Roger Federer, Novak Djokovic Agree That Grand Slams Should Increase Prize Money

Christopher Simpson@@CJSimpsonBRFeatured ColumnistJanuary 18, 2018

Switzerland's Roger Federer reacts after beating Germany's Jan-Lennard Struff in their men's singles second round match on day four of the Australian Open tennis tournament in Melbourne on January 18, 2018. / AFP PHOTO / SAEED KHAN / -- IMAGE RESTRICTED TO EDITORIAL USE - STRICTLY NO COMMERCIAL USE --        (Photo credit should read SAEED KHAN/AFP/Getty Images)
SAEED KHAN/Getty Images

Roger Federer has revealed he is in agreement with Novak Djokovic that the prize money on offer at Grand Slams should be higher. 

Per Metro's George Bellshaw, he said:

"Yes, they could definitely pay more, no doubt about it.

"We're not partners. We're just players. It's always hard to rally. We had a good agreement, in my opinion, that made the Grand Slams happy, the players pretty happy. Seems like that has run its course.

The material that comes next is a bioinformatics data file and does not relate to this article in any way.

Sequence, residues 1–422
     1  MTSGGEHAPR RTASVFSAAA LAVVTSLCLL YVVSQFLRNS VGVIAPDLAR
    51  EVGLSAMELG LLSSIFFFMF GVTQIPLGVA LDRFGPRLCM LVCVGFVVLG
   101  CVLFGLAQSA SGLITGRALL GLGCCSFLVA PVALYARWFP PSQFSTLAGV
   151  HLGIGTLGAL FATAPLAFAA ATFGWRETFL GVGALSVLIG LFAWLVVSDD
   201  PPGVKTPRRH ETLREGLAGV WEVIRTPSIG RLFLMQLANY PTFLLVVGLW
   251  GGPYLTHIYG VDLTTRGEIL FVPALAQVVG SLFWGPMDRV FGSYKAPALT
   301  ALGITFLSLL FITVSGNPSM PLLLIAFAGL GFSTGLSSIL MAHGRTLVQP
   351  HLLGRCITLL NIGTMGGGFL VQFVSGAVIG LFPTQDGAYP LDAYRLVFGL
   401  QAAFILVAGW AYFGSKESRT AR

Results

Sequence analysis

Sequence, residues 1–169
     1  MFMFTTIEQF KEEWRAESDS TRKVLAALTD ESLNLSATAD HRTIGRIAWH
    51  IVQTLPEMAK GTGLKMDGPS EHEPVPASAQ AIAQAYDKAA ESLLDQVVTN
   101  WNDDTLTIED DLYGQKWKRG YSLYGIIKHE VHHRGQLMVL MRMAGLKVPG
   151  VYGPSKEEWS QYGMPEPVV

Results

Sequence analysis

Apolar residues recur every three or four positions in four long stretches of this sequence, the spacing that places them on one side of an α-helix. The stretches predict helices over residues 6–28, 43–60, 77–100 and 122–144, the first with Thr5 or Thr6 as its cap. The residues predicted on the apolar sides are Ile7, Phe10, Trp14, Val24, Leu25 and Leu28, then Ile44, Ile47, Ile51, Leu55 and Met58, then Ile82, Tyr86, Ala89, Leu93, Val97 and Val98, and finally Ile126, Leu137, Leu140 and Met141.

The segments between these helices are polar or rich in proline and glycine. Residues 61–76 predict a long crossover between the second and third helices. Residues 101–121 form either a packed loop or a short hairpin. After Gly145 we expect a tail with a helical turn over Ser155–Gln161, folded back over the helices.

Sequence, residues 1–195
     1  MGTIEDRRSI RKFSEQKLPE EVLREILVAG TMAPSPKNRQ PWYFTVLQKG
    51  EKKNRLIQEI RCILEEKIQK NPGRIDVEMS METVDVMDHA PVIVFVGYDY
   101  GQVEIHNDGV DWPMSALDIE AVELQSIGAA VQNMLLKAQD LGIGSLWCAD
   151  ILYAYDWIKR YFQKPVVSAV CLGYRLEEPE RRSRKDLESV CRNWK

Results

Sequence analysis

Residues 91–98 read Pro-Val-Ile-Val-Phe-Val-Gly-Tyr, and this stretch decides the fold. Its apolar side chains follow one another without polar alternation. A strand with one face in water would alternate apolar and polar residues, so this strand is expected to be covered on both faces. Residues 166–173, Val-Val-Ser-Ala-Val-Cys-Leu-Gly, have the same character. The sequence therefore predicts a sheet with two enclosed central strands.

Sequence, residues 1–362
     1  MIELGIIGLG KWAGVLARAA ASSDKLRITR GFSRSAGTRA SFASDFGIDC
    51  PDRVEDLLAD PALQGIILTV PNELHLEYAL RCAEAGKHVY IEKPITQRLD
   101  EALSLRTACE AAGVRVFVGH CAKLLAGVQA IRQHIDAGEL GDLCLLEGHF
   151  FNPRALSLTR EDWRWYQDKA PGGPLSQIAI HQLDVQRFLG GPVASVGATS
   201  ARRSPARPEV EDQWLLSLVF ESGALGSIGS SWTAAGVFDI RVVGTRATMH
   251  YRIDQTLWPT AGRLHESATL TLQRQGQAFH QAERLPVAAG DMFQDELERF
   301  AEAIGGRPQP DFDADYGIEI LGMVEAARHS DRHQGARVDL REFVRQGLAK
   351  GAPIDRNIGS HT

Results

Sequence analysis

"The moment that happens, there's not the same increases any more, so players have to rally, get back together again, put in the effort. The Grand Slams know that. They will only react when we do so. We're ready to do it. It's going to be the same process over and over again."

Federer added: "If you look at the revenue, the sharing process, it's not quite where it's supposed to be. But, look, you can't go from here to right there in a day."

Djokovic, who is president of the ATP player council reportedly proposed the players form a union to challenge the prize money distributed at majors, particularly for lower-ranked players.

Fellow tennis star and compatriot of Djokovic's, Viktor Troicki, is also in agreement on the issue, per Sport Klub's Sasa Ozmo:

Djokovic has denied talks about a union, though, per tennis journalist Gaspar Ribeiro Lanca:

The players will share a pot of £31.8 million in prize money at the Australian Open this year, which represents a 10 per cent increase on 2017.

However, according to the Telegraph's Simon Briggs, the prize money dished out is only around seven per cent of the income the Grand Slam receiveswith the same going for Wimbledon, the U.S. Open and the French Open—putting tennis players at a disadvantage compared with athletes in other sports.

The issue will be a difficult one to resolve—particularly as tournament organisers can point to steadily increasing prize money over the years—but perhaps the best chance for a resolution in the players' favour is for the biggest names in the sport to speak up, and in Federer, there are none more high profile.

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